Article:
JFK Facts welcomes comments. We seek to provide a forum for all sides in this important historical issue to air their views. But we do have some guidelines we endeavor to adhere to, especially in the realms of length and content. We feel the need to remind readers from time to time.
Length: comments exceeding 500 words will not be approved (even those very engrossing ones).
Decorum: it’s likely no surprise that comment sections have become the bane of many a website, even for the most innocuous of subjects. Many publishers have decided to forgo them altogether rather than try to police the invective that invariably arises. JFK Facts certainly has had issues with this phenomenon, especially given the subject matter.
We’ve said it before and we’ll say it again: we have little patience for rude, condescending or patronizing language, and reserve the right to refuse service to any commenter on that score. That said, moderating is a highly subjective exercise, so things may get by one day that won’t get by the next, etc. We are only human — not algorithms.
The idea is to keep the conversation going, and sometimes we err on the side of allowing that conversation even if it crosses other lines. Truth be told, comment approval comes largely from the gut: that is, we know it when we see it, whether it be tone, language, straying far off topic or simply beating a dead horse. Even then we probably err on allowing too much.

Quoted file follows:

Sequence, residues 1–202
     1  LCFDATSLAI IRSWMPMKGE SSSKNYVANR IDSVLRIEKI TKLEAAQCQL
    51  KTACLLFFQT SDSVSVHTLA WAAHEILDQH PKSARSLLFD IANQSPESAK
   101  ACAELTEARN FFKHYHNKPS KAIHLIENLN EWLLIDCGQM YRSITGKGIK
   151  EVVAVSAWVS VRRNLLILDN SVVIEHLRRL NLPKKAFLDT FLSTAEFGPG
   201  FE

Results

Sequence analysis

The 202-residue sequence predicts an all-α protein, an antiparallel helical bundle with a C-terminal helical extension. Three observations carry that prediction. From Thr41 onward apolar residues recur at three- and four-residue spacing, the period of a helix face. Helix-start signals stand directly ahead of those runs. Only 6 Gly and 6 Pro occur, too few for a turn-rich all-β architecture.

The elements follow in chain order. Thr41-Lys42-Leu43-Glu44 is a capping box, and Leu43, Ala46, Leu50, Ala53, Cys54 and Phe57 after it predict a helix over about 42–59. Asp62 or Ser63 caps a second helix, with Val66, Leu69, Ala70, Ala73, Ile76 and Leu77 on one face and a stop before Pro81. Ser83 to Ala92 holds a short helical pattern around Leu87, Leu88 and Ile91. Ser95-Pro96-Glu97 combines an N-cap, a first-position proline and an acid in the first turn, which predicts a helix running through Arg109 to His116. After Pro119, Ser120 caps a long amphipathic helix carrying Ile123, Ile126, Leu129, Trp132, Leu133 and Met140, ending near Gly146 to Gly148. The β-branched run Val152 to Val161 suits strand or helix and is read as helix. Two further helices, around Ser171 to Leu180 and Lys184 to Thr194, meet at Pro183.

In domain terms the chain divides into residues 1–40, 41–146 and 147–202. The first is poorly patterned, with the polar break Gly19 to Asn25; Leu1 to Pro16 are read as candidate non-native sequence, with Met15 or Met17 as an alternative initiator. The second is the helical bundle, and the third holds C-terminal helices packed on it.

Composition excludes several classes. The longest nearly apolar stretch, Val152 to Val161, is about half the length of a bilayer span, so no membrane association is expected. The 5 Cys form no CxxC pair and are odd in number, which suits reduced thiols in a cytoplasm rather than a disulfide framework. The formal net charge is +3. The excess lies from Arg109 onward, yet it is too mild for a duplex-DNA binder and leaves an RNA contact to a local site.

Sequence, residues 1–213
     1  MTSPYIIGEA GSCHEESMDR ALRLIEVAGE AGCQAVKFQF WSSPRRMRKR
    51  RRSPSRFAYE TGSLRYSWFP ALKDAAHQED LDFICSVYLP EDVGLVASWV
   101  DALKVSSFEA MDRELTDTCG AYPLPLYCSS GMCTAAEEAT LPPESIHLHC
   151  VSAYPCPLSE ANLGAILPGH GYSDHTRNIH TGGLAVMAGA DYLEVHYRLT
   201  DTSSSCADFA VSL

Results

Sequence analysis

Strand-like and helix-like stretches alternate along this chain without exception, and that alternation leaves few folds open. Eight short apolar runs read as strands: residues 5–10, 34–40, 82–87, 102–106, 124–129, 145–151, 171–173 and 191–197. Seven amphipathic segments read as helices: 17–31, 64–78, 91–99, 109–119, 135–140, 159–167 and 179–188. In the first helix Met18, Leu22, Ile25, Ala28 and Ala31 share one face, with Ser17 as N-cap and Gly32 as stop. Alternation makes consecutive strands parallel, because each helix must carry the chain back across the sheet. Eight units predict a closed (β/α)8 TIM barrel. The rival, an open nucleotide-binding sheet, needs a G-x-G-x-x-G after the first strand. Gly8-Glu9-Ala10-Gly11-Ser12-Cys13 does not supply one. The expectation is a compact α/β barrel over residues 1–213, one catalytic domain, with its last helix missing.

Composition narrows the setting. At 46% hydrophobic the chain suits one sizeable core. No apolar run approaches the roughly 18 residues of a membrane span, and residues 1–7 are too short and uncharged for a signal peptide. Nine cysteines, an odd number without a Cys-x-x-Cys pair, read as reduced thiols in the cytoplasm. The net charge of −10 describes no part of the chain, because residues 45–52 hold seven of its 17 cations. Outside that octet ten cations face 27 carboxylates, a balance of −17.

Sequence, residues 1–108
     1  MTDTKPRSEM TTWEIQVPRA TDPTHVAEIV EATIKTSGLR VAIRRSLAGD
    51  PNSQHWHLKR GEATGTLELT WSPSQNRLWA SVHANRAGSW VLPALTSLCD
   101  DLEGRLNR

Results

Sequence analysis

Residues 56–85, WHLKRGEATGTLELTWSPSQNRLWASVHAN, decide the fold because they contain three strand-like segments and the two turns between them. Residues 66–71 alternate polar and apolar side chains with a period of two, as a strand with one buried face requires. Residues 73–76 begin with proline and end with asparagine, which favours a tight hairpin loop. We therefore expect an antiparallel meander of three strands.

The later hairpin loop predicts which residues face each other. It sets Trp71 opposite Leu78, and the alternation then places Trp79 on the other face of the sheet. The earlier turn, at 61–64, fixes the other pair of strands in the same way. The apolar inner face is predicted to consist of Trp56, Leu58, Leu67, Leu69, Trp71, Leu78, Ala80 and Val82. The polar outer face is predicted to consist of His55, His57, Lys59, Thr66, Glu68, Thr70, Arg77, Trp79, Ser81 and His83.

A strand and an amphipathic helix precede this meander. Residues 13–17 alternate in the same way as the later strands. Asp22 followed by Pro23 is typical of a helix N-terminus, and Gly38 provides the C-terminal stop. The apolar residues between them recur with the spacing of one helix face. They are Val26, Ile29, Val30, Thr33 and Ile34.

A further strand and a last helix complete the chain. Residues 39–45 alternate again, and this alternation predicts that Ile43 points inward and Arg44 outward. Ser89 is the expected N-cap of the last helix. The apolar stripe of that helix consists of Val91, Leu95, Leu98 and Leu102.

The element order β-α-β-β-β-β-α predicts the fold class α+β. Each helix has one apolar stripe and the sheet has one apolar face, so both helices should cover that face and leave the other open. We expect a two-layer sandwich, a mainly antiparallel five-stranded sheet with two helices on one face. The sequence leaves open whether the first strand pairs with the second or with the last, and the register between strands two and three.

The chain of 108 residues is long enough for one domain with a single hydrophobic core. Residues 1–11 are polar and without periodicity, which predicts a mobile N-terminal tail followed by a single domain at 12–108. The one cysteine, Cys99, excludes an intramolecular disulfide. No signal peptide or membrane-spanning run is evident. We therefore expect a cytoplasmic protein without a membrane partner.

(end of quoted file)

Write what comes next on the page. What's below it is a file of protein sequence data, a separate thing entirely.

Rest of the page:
Both sides in this debate have demonstrated that civil discourse is possible. (Jean Davison is a shining example of someone who, even in the face of fierce disagreement, always rises above and just addresses the issues; she doesn’t let it get personal.) Both sides have also shown how petty and, frankly, juvenile the discourse can get.
If your comment isn’t approved immediately, please be patient. Also, for the handful of you who have the moderators’ email addresses, please refrain from contacting us if you don’t like how we’ve handled something. (You can always talk to us via the comment section.) As we’ve said, this is about continuing the conversation; and while we have our own strong ideas about the subject we make an effort not to take sides when it comes to comments. We see it partly as an exercise in crowd sourcing: we all get to watch while the readers hash it out. And ultimately we have hopefully learned something. But it’s not always a pretty process.
A final observation: we can guess why the majority of readers are here: because they were never comfortable with the official version of how and why the 35th president of the United States was killed. But, we’ve been curious about what motivates the defenders of the official story. A few of them are ever ready to pounce on and smother even the slightest spark of doubt or question of the official story. Are you here to set what you consider to be the record straight? Because of an animus towards people who question the government? What motivates you?